Schools and Families Working Together
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Schools and Families Working Together

At this time, early in the 21st century, educators are struggling to understand and effectively deal with FASD and other brain-based disorders. Education and understanding is the key.  The concept of brain damage and FASD is almost universally very difficult to grasp.  FASD breaks the regular school (and parenting) “rules” and, as noted previously, it is absolutely normal for educators to need several in-service training opportunities before they will be able to “make the paradigm shift” necessary to be successful with FASD.

Currently, the parents of children diagnosed with FASD or strongly suspected of having FASD are the best source of expert information for educators on what their child needs to succeed.  So a strong, co-operative home-school link is invaluable to success with individual children with FASD in schools at this time.

It is well acknowledged that parents of children with FASD are usually highly stressed and may appear stressed themselves.  Living with a person with FASD tends to create family stress and health issues for other family members. To date parents have received very little understanding around FASD and many professionals think typical FASD behaviours result from poor parenting and nothing else. Nothing could be further from the truth. Parents will be your greatest ally if you show that you are working to understand and adapt to FASD.

Listen to the knowledgeable parent of a child with FASD – they are an invaluable help to a school. Work with the parent to prepare an All About Me document for that child. Many educators find that these documents are immediately helpful and easy to understand and use.

Click here for an ALL ABOUT ME DOCUMENT

The Home and School Partnership and FASD

Many parent have had a difficult time accessing services for their children.  In addition to the grief and loss reactions accompanying a diagnosis parents can often appear stressed and tired.  It is important for educators to acknowledge the hard work parents have put into the 24 hour job of parenting a child diagnosed under FASD.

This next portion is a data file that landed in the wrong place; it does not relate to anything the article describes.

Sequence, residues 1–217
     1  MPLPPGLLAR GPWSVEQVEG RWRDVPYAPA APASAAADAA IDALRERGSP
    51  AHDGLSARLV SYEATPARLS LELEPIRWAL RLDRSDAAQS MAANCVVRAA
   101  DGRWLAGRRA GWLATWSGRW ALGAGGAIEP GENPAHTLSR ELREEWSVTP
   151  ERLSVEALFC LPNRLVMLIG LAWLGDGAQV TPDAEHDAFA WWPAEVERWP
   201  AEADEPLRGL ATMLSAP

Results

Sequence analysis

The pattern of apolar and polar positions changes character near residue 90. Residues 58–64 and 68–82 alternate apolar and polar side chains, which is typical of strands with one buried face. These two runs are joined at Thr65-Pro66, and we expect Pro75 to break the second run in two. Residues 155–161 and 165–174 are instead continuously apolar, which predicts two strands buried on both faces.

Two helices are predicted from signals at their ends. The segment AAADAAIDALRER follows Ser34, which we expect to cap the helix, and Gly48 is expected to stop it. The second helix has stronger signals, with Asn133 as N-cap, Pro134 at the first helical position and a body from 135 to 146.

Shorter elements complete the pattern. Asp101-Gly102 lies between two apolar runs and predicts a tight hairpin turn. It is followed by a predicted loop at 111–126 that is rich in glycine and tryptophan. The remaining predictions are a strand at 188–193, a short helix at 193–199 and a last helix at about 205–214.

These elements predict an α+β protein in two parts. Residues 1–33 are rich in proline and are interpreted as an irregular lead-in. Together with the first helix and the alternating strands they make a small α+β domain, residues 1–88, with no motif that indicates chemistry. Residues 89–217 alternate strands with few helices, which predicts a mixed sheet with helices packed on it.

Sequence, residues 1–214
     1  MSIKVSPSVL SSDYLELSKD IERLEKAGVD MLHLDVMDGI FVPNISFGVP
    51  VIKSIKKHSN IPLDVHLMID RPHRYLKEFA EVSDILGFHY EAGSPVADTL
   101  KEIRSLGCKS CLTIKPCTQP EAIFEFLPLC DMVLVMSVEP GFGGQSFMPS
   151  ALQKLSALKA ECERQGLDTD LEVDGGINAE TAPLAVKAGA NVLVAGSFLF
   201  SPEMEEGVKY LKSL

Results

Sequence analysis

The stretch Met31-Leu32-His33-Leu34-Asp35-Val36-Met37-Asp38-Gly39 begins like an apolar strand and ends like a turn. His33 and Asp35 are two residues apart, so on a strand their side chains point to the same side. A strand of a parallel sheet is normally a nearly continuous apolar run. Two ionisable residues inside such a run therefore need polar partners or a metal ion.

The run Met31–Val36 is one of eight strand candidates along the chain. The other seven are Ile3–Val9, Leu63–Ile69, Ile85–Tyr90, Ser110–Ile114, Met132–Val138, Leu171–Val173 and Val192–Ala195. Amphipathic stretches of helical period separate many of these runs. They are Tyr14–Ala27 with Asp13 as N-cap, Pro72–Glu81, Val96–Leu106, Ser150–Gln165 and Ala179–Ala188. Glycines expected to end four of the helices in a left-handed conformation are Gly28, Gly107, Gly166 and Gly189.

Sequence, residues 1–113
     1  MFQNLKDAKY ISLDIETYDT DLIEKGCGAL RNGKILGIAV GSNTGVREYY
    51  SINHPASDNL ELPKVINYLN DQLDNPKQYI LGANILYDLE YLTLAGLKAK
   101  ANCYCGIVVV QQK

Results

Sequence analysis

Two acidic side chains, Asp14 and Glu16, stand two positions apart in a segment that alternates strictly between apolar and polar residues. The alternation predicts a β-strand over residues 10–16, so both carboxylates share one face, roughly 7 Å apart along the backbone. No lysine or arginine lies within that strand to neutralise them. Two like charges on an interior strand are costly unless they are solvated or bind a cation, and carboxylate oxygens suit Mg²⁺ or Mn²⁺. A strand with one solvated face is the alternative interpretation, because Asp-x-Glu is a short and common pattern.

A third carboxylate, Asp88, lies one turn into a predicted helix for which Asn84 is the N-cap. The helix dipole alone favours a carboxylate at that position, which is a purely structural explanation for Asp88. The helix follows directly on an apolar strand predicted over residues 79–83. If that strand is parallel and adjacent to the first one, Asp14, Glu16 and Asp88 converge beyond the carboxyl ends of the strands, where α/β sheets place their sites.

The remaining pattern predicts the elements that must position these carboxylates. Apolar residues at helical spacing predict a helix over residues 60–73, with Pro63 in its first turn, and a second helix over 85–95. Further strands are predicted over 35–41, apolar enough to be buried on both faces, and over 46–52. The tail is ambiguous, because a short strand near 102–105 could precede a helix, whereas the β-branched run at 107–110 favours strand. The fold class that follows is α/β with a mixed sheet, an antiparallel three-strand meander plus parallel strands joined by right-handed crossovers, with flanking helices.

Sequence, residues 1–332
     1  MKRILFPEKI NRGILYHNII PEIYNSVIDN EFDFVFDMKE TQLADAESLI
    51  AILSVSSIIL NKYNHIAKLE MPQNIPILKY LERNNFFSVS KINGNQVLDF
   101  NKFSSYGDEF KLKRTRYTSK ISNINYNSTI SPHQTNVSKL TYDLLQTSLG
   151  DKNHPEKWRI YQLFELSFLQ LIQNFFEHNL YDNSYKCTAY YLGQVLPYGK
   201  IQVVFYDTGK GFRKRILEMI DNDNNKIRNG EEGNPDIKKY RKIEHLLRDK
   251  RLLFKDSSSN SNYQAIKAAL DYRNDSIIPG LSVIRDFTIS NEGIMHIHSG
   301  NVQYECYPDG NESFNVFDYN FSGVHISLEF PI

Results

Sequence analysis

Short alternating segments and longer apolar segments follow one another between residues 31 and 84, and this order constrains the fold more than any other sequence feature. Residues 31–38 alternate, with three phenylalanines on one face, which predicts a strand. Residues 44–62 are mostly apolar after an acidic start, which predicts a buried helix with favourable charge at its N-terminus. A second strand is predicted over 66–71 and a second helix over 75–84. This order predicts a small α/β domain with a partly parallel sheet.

Parents usually understand their child’s needs. It is helpful if teachers can be open to help from parents who may have a lot of FASD “expertise.” It is always wise to get off to a good start with good home-school communication & a team effort with parents of any student but it is particularly important if FASD is an element in the partnership between home and school.

Parents of children with FASD are the ultimate, 24 hour front-line workers and desperately need support from the school.  These parents may appear to be out of control themselves; they are almost all overwhelmed and super stressed. Professionals are often tempted to assume that (undiagnosed) FASD is the result of ineffective parenting and family dysfunction.  The family with FASD is often dysfunctional because one or more family members have FASD not the other way around.

Other parenting practices after birth DO NOT cause FASD

Most parents of children with FASD will be unable to control their behaviour with

“discipline” no matter how hard they try

Using old-fashioned “discipline” on children with FASD simply does not work!

Children diagnosed under FASD may be able to hold themselves together for the school day.  However, when children with FASD arrive home exhausted from school they often let down their guard “in a safe place” and parents siblings or family pets become victims of abuse from a completely “out of control” child.  When you, as an educator, hear stories like that from a well-informed parent, Think FASD First!

Educators should know that parents are often aware there is something different about how their child learns and behaves but don’t know what it is. Early school experiences are often the first time concerns are raised. These families should be encouraged to seek medical & psychological evaluation for FASD, especially if they are raising the issue themselves.  Identification prior to school entry is always best but early school identification is the next best alternative. When FASD is identified early in life studies clearly show that outcomes are better

Sometimes the school will suspect FASD before the family does. Then what should you do? First of all educators should remember to assess the situation and not to diagnose. Diagnosis of FASD is a complex multi-disciplinary medical process.  This website will equip you to assess a student but not to diagnose them.

Educators will find that talking to adoptive parents of children with potential FASD is a lot different than talking to life-giving or biological parents. One can ask an adoptive parent if there was pre-natal alcohol exposure but with a life-giving parent the discussion may need to take a very different track. If parents are complaining to you about suggestive problem behaviours at home suggest strategies NOT possible causes. If the FASD-friendly strategies that you suggest work then you may have an opportunity to extend the discussion and get that child the help they really need. This applies to children in adoptive and “ life-giving” family situations.

Since an involved parent or caregiver of a child with FASD is generally going to know a lot about FASD they should be considered as an “expert” and a valuable source of help.  They can be encouraged to make up an All About Me Document which explains their child’s particular challenges and strengths and the accommodations that they need the most. These should be updated every year as a child’s educators and the student’s needs and strengths change and develop.

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